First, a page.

Last month, the Senate released a report on whether public statements regarding Iraq by U.S. officials were substantiated by intelligence information. Is this really news? I was connecting the dots on the Bush administration's campaign of deceit back in August of 2005. I'm returning to the topic now because the evidence of this keeps piling on.
In 2002, Bush was unequivocal about Iraq "seeking nuclear weapons." He stated on October 7 that "the evidence indicates that Iraq is reconstituting its nuclear weapons program." The de facto President, Dick Cheney, was even more adamant when he said on August 26 of the same year that, "They continue to pursue the nuclear program they began so many years ago … we now know that Saddam has resumed his efforts to acquire nuclear weapons."
Yet the intelligence of the time evidenced that Saddam Hussein's nuclear weapons program had been destroyed years earlier by American military strikes. The only evidence that Hussein was "reconstituting" his nuclear weapons program was the supposed uranium shopping in Africa and the aluminum tubes which were supposedly for weaponizing uranium. The uranium shopping was discounted by former Ambassador Joseph Wilson and the aluminum tubes had already been determined to not meet the tolerances required for centrifuging uranium.
Even then defense secretary Donald Rumsfeld, who was noted for speaking in riddles and contorting his responses, was remarkably clear when he asserted that Hussein's weapons of mass destruction facilities were underground. He told the House Armed Services Committee of those facilities on September 18, 2002, that "a good many are underground and deeply buried" and so "not … vulnerable to attack from the air." The truth of the matter, the Senate report found, was that there was no intelligence-community report that supported Rumsfeld's claim.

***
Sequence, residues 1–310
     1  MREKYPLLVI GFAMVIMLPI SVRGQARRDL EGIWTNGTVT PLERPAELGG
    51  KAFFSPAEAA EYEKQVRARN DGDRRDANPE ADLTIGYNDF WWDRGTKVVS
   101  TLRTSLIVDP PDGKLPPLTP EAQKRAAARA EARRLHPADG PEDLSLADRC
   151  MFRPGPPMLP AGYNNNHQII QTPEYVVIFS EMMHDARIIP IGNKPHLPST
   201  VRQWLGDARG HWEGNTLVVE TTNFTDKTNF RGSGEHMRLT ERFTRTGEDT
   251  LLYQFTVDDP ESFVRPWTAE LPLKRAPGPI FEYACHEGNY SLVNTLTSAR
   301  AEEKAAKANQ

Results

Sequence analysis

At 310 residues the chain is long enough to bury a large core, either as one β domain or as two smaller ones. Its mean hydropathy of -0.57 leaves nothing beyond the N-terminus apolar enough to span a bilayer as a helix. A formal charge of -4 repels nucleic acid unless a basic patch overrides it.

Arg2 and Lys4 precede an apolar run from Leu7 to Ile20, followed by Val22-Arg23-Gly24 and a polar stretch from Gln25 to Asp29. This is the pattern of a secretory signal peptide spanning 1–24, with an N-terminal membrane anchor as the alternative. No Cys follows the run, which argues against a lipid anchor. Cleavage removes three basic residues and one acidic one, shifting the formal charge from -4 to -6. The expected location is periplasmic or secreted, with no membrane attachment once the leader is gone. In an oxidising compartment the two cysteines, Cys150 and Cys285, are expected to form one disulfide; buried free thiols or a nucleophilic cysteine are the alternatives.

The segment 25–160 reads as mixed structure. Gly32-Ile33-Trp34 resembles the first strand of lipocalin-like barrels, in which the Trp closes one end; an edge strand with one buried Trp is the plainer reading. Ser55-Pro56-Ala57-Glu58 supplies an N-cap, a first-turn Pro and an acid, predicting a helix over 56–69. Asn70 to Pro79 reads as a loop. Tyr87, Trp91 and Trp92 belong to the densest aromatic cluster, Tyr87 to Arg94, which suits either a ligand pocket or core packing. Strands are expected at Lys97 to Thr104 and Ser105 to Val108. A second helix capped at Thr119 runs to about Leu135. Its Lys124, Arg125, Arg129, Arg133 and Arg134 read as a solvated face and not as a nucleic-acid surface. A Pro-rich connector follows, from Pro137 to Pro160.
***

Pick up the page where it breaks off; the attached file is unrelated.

In spite of the report's substantial evidence that the Bush administration twisted and hyped intelligence regarding the threat Iraq posed to the U.S. before Bush invaded her, Republican Senators stonewalled the public release of the report for years. Only two of the seven Republicans on the fifteen-member Senate panel supported the report. When the five dissenting Republicans failed to prevent the release of the report, they then tried to delete most of its conclusions. The GOP clearly does not feel that Bush should be held accountable for intentionally deceiving the American people into an illegitimate, disastrous war.